The balance sheet, a main component of a company’s financial statements, is used to show the financial conditions of a business on a given date. A balance sheet records all assets, liabilities and shareholders’ equity a company has at a specific point in time. The assets represent money uses, and the liabilities and shareholders’ equity represent money sources. Recorded correctly, the balance sheet should balance between money uses and money sources, making assets equal to liabilities plus shareholders’ equity. Preferred stock represents a money source that is part of the shareholders’ equity.
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Balance Sheet Construction
A balance sheet is a two-column configuration of various business transaction items. All items for assets are placed on the left side, and items for liabilities and shareholders’ equity are put on the right side. Furthermore, all liability items are placed on the top right, and items of shareholders’ equity are placed on the bottom right. The left side of a balance sheet customarily is referred to as the debit side and the right side as the credit side. To increase the dollar amount of a debit or credit item, a debit or credit entry is made on the respective item. To decrease the dollar amount of a debit or credit item, you make a credit or debit entry on the respective item.
Shareholders’ equity is an important money source companies use to finance their asset purchases. Preferred stock, common stock and retained earnings are the three main components of shareholders’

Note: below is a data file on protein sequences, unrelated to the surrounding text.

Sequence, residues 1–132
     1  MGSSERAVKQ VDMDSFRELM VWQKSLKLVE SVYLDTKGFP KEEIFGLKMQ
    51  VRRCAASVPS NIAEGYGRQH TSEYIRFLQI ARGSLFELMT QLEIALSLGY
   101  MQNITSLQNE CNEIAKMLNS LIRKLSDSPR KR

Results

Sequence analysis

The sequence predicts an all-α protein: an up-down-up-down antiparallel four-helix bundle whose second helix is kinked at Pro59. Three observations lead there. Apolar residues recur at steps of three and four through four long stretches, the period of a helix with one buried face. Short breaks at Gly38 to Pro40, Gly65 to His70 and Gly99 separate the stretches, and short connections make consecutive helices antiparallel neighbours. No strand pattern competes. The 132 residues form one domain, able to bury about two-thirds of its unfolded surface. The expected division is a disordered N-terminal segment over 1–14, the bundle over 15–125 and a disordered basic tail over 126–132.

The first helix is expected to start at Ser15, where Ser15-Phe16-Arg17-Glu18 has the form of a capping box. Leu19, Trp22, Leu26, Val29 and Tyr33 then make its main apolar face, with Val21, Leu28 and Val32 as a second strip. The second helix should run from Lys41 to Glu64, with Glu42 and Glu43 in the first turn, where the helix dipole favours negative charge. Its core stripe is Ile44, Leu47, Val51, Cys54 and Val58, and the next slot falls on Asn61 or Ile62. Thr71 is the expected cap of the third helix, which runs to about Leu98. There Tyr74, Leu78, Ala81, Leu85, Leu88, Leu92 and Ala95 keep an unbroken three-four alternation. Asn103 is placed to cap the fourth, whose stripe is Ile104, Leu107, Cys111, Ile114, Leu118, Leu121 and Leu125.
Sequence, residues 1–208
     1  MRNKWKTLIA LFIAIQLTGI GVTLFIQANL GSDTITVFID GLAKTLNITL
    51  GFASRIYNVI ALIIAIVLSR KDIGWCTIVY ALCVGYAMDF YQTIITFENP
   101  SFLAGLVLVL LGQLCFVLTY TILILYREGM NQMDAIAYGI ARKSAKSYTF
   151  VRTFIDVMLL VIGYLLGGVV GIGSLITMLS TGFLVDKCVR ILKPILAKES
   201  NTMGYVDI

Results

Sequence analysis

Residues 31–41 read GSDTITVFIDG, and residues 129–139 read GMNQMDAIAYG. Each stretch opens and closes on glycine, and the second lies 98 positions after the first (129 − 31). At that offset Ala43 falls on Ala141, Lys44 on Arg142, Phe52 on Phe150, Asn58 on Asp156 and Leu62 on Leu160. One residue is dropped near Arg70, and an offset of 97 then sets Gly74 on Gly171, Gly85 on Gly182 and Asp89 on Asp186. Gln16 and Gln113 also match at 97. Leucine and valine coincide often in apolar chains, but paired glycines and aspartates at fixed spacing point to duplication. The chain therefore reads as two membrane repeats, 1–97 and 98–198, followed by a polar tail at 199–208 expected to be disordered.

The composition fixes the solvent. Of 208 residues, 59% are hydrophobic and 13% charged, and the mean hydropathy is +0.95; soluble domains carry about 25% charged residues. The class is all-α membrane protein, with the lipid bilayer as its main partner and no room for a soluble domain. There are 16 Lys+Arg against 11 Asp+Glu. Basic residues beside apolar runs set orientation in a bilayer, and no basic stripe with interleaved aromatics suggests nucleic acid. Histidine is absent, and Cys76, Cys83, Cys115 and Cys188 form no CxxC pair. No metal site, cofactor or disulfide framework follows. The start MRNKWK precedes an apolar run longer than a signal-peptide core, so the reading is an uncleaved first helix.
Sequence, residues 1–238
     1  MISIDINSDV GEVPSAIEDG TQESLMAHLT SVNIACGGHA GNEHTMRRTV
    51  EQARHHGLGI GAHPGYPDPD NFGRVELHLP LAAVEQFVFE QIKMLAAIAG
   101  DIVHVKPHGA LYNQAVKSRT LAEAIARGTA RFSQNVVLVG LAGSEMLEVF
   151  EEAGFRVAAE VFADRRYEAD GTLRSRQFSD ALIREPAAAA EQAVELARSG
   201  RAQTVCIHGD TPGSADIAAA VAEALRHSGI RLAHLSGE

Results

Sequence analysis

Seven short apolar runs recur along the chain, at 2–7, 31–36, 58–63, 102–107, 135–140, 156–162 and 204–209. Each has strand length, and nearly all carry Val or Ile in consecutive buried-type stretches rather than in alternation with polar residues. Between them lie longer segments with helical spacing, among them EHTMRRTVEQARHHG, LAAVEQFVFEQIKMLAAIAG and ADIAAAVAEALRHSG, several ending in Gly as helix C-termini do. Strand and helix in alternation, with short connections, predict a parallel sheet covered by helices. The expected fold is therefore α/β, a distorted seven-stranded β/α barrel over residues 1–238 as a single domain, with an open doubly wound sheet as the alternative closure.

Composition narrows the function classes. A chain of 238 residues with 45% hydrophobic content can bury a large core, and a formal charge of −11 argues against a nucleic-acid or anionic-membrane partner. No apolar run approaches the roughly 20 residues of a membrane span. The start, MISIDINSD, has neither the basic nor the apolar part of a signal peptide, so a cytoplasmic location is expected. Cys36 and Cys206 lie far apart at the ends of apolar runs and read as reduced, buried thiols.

equity. Any change in shareholders’ equity simultaneously affects either an asset item or a liability item. For example, an increase in shareholders’ equity may lead to an increase in cash on the asset side or another non-cash asset item, when the increased equity is stored in cash or used to purchase an asset. The increase in shareholders’ equity also may lead to a decrease in a liability item, when either the increased equity is used to pay off a debt or a debt has been converted to equity.
Classifying Preferred Stock
Preferred stock is classified as an item of shareholders’ equity on the balance sheet. The issuance of preferred stock provides a capital source for investment uses. Preferred stock can be further classified based on the particular type of stock, such as convertible or non-convertible preferred stock. Classification provides as much detailed and special information as possible to balance sheet users. The par value and total shares of the preferred stock also are shown on the balance sheet.
Recording Preferred Stock
Preferred stock normally is recorded at the top of the shareholders’ equity section on the balance sheet. When a company issues shares of preferred stock, it records a credit to preferred stock in the amount of the sales proceeds, and a debit to cash, increasing both the equity account of the preferred stock and the cash account, which is a special asset account. If sales proceeds exceed the preferred stock’s par value, the surplus is recorded separately as additional paid-in capital.